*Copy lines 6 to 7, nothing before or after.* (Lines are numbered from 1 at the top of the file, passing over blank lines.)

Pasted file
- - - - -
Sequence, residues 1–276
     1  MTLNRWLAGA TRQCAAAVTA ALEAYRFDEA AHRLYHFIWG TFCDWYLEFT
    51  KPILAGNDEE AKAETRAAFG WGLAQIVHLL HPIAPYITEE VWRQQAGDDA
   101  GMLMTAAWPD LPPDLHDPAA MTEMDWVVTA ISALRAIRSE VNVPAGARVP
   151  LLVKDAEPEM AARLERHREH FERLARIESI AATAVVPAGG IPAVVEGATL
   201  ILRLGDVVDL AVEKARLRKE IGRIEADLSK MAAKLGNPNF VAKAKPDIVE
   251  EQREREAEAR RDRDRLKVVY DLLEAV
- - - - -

   201  ILRLGDVVDL AVEKARLRKE IGRIEADLSK MAAKLGNPNF VAKAKPDIVE
   251  EQREREAEAR RDRDRLKVVY DLLEAV